Tuesday, December 23, 2008

A Great Read!

I was downtown over the weekend with about an hour to spend hanging out. I did what I most frequently do, go to the bookstore and seek out the cookbook section. I like to explore what is there and enjoy relaxing in a chair next to the large windows reading. This past weekend I picked up The Sharper Your Knife, the Less You Cry after having received a positive and encouraging comment from the author Kathleen Flinn.

Several places on the front and back cover promote the love story aspect of the book, and although not normally the genre of book I enjoy reading, I found myself several chapters in when I needed to leave. Because I was already captivated by the story, and because I have plenty of time to read during my breaks from teaching, I left the bookstore book in hand (yes I paid for it first).

After a few quick days of reading I found myself connecting very strongly, not with the romance of Kathleen and Mike, Paris, or Le Cordon Bleu, but instead with the constant messages of life-long learning.

For me Le Cordon Bleu at my Home has been my way of learning to be a better at home cook, and as you hopefully have noticed, I have been learning a lot more than just how to cook. I have been forced to explore more deeply the area in which I grew up, finding new places to buy the freshest food and necessary ingredients. I have been able to meet some local experts who have helped me immensely, and who I hope will continue to help as I move forward. I have been learning about problem solving, French food, and have been enjoying trying new things that I enjoy sharing with others. I have also done a lot of reading online, and feel I have learned a lot and will continue to learn a lot through blogging, emailing and connecting with others through the Internet.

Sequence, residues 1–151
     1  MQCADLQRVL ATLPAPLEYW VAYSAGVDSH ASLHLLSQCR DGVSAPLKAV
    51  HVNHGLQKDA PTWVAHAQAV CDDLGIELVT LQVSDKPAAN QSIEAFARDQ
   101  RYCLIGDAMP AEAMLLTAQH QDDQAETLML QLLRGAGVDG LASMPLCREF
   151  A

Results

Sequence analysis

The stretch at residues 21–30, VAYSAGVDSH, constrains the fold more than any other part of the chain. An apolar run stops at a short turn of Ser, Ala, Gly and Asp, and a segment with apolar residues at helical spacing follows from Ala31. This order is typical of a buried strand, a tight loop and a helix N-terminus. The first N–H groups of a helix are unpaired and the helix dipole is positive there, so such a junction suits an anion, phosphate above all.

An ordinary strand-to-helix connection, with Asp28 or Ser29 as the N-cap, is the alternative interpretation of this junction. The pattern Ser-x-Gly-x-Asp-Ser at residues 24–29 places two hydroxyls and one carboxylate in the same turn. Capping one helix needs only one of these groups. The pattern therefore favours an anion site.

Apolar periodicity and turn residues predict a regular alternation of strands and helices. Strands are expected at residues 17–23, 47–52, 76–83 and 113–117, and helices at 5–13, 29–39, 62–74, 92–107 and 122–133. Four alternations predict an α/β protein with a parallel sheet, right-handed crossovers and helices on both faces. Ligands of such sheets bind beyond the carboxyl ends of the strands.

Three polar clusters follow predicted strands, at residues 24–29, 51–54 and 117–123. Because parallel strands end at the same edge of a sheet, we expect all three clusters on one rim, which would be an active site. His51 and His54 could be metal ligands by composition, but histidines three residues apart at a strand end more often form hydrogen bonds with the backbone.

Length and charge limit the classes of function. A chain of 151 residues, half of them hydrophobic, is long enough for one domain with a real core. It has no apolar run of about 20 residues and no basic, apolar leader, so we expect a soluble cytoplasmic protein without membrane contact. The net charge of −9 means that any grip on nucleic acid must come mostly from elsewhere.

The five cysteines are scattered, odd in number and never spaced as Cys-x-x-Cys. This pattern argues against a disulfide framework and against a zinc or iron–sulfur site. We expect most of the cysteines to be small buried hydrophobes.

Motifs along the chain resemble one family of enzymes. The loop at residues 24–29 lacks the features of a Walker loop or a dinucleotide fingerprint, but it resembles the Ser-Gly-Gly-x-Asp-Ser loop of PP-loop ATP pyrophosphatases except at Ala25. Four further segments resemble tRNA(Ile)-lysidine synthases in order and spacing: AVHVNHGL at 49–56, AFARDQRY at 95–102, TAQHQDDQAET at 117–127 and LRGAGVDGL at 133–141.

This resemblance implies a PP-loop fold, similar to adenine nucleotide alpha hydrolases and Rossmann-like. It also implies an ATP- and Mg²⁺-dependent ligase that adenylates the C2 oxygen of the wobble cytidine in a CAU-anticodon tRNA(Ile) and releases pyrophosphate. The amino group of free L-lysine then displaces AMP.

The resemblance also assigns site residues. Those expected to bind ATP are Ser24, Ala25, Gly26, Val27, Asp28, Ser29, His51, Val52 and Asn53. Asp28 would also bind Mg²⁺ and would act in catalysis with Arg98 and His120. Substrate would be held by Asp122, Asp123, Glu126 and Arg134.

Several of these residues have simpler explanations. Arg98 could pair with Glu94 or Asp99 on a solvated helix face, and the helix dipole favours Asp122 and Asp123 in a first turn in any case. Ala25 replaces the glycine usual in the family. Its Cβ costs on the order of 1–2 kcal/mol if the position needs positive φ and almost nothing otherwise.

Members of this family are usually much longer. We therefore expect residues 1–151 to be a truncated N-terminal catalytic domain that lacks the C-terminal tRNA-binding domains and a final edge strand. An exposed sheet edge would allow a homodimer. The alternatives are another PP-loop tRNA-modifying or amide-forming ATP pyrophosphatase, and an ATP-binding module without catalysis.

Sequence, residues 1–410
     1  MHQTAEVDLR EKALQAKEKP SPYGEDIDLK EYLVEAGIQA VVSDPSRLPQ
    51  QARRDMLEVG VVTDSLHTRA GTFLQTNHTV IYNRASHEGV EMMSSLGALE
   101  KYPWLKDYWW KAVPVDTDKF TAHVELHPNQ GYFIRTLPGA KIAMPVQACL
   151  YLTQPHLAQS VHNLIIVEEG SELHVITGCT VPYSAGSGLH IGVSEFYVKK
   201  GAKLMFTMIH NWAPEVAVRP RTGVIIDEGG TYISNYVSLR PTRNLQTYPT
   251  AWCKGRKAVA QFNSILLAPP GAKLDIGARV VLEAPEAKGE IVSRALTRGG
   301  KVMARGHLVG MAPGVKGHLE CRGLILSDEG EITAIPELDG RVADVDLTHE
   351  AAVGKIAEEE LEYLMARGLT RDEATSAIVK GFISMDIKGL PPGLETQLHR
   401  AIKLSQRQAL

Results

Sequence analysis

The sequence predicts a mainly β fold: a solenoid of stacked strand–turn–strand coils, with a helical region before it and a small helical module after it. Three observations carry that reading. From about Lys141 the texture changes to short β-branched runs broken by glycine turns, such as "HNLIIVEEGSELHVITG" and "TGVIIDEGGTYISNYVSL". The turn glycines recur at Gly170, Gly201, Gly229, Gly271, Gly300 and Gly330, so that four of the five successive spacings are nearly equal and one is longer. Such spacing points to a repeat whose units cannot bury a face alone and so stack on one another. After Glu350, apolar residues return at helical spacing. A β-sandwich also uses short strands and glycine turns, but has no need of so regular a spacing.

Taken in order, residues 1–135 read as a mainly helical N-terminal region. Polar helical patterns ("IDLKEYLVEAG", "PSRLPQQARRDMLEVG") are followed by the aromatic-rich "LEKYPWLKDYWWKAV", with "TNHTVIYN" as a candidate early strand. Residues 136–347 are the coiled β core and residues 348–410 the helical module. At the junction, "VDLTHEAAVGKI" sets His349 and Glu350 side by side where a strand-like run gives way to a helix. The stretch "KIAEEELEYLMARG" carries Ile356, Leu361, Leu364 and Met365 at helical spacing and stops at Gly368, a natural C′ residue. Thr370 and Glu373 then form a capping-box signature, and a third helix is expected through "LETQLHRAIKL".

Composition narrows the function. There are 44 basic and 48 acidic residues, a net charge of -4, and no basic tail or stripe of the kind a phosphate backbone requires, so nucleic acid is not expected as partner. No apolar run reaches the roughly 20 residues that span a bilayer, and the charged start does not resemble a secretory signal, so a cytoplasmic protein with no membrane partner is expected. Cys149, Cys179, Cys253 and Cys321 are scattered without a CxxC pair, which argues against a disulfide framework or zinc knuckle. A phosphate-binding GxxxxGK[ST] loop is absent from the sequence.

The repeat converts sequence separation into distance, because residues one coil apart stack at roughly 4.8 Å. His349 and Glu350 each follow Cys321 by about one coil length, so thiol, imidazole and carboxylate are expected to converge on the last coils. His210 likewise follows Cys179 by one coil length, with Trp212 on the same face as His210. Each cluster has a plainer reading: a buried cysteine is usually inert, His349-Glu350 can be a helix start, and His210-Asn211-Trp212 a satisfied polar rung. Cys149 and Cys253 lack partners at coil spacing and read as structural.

This was my connection to Kathleen and her experiences: from taking a huge risk in life to succeeding at Le Cordon Bleu; from a childhood dream to reality; from Julia Child’s comments about learning to seeing them play out in life; from great success to failures along the way; a new culture, new language, new friends, harsh criticism, and figuring out just how to make puff pastry. All of these learning experiences are not an end, but instead part of continued life experiences.

Now I don’t want to downplay Mike in all of this, and not because he is the key figure in the love story…Mike I am sure there are plenty of readers who have connected quite well with you and the fact that you left your job and house in Seattle to move to Paris, your proposal of marriage, sampling her cooking over and over when all you want is pizza, planning the wedding, and returning to Paris so quickly after your accident (I am sure I forgot a few things in there as well)…all of this playing up the romance of everything. Instead, I was most impressed with how he encouraged such risk taking in support of a dream, while at the same time creating a safe and supportive environment for Kathleen. It is one thing to take a risk, whether it is in life or in learning something new, but also having a system in place that allows you the support you need, is often the only path to success.

I am hopeful that Julia’s encouraging words that you can/should never stop learning is forever ingrained in Kathleen’s life as well as my own, a message that I hope my students will take with them as well.

Thanks Kathleen for the great read and words of encouragement!

1 comment:

feasting-on-pixels (terrie) said...

You are indeed correct...this is really a great read, especially if you are a foodie and love Paris.
Kathleen is a very talented writer...
I have read her book several times and given it as gifts to foodie friends here and in Paris.

I have a bit in common with her as she rented her appartement on rue de la Richelieu from my dearest friend that I believe she calls Nigel in her book....Actually I have stayed in that same appartement many times.